Forsyth County’s planning board on Tuesday night revisited its members’ versions of events from February’s unclear officer elections.
In an hour-and-a-half work session, the members made it clear that they disagreed.
Forsyth County Attorney Ken Jarrard said several concerns were raised to him and planning department staff about the Feb. 19 and 26 meetings in regards to the elections of chairman and secretary.
“My objective today is to approach you with a lot of humility and hopefully we can have a constructive conversation about all of those things that have occurred,” Jarrard said.
“Also, just see if we can figure out if we can have a commonality of what occurred on the 19th and then just figure out what went wrong, if anything, and then move forward, sort of clear the decks if we can.”
The issues centered on whether the board voted to nominate or elect officers Feb. 19 and whether the minutes of that meeting approved a week later correctly reflected what had happened.
A vote on Pam Livesay to continue as chairman tied 2-2 on Feb. 19, which automatically postponed the issue to the next work session.
Member Alan Neal arrived late that day, and so cast the tiebreaking vote Tuesday night.
He voted against Livesay’s reappointment, as she would decline the nomination, since she is not serving another term on the board.
Tuesday night likely was her last meeting before Commissioner Brian Tam names a replacement as she steps down after 16 years on the panel.
The board then elected Pam Bowman to serve as chair in a 3-1 vote, with Joe Moses opposed and Craig Nolen absent.
Before getting to the Livesay tiebreaker, the board spent about 80 minutes rehashing the differing versions of events as to whether the vote was to nominate or elect, since the wording had been disputed in a draft of the minutes.
Planning Commissioner Joe Moses expressed concerns about phone calls from Livesay and Bowman to staff asking for clarification on the meeting summary posted on the county’s Web site.
Their questions about whether the votes for chairman and secretary were to nominate or appoint influenced a change in the minutes, according to Moses.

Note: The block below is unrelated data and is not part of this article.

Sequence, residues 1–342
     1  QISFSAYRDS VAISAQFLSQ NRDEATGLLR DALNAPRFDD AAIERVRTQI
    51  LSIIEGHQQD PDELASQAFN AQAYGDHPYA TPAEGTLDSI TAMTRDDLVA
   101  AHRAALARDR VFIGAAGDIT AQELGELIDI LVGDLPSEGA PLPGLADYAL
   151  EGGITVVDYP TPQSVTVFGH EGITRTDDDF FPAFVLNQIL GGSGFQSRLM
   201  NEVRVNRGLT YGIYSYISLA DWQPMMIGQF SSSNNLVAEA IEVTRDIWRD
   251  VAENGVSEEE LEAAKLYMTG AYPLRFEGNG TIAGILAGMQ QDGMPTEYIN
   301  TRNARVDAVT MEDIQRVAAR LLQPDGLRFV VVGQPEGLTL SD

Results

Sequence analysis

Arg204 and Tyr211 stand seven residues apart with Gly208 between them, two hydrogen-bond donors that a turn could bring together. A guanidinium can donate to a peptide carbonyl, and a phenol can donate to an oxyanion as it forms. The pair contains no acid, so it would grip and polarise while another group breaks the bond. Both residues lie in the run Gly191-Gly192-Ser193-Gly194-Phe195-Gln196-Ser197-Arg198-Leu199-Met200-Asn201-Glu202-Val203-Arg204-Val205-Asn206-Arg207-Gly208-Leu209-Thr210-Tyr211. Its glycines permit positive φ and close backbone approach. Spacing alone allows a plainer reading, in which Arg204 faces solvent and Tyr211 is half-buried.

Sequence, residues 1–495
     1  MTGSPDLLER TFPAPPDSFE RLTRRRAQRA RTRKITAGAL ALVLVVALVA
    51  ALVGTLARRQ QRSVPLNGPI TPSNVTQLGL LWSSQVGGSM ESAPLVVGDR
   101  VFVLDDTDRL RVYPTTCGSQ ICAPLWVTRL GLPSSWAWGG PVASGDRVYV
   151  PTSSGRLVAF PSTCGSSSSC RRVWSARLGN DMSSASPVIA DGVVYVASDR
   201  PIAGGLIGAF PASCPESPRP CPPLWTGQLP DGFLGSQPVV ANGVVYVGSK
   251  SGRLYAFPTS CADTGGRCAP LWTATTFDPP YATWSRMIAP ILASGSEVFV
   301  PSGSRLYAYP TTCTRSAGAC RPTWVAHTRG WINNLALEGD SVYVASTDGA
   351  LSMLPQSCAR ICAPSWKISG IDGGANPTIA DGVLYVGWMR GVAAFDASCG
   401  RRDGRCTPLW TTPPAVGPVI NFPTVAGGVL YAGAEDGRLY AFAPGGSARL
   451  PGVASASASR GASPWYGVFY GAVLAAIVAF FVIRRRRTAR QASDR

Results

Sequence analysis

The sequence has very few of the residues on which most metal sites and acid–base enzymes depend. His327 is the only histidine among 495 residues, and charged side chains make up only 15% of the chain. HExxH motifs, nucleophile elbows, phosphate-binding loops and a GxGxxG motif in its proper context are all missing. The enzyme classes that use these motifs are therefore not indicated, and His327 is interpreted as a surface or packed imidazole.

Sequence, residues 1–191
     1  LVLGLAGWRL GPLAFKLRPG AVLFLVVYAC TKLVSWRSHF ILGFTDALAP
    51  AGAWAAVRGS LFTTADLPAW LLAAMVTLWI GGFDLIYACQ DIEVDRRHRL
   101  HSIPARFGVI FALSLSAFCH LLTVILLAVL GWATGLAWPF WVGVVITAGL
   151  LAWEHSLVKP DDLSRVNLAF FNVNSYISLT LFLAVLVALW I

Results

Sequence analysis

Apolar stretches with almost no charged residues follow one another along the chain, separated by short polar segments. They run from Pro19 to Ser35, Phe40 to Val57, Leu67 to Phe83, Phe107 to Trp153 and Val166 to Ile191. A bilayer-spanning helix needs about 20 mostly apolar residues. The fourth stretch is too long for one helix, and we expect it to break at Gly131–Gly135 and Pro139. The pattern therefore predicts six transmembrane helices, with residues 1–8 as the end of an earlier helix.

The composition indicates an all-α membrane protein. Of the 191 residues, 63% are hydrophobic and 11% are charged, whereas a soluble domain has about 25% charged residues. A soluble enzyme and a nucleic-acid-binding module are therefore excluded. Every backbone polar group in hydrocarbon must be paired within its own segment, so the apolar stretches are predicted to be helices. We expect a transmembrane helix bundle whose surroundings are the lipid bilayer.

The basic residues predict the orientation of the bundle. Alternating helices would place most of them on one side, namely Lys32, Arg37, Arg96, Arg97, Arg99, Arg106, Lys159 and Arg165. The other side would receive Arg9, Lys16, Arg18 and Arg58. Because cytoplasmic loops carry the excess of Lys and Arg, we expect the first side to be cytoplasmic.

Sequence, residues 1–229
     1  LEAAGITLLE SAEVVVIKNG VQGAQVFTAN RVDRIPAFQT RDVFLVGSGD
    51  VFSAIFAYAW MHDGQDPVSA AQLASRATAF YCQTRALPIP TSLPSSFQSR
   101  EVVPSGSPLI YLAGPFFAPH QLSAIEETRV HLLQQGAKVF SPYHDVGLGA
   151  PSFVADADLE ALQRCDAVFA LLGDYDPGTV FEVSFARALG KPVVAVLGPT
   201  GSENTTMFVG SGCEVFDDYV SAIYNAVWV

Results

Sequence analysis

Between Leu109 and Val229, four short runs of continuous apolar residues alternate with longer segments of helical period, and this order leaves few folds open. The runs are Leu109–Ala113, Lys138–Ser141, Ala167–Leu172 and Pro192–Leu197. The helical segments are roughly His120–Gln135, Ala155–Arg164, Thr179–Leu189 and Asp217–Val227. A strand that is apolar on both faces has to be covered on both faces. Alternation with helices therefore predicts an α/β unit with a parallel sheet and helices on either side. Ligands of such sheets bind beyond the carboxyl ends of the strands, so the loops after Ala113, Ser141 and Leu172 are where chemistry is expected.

“It appears to me that you all are trying to finagle the election after this election,” he said.
Bowman said her concern was raised when she reviewed the unofficial meeting summary online and saw the wording that Nolen was elected, but she was confident her motion had been to nominate.
Based on a suggested procedure for the elections provided by department staff, Bowman expressed concern after reading the summary that the process to appoint Nolen hadn’t yet been complete.
Jarrard’s interpretation was that since the board voted 4-0, and no other nominations were made, Nolen became the secretary.
“I think the problem is the [planning] commission is unaware of what it voted on that evening,” Jarrard said. ”I can commit to you next time you have a meeting, those minutes will be in front of you on what you’re approving.”
He felt the board approved minutes on Feb. 26 that reflected that outcome, though a draft had also been prepared that reflected a nomination and listed Bowman as still being secretary.
To clear things up, the board voted 4-0 on Tuesday’s to ratify Nolen’s election, with him being absent. No reason for his absence was specified.
Moses felt the change in the minutes based on the conversations afterward constituted an incorrect procedure.
“That’s why it’s called altering the minutes and that’s illegal and unethical,” he said.
Moses requested a postponement of the minute vote on Feb. 26, but didn’t receive any support.
Other members said Tuesday they felt comfortable that the version they approved was correct.
“I’m not accusing anybody of doing anything as far as that’s concerned,” Jarrard said in regards to the allegation of altering the minutes.
“We’re talking about two competing drafts, and bottom line I think the wrong draft got put up on the county Web page. I think you approved the minutes that contained the Craig Nolen signature block.”
The board had no zoning applications to discuss, since no public hearings were scheduled for this month. The regular meeting planned for March 26 was canceled.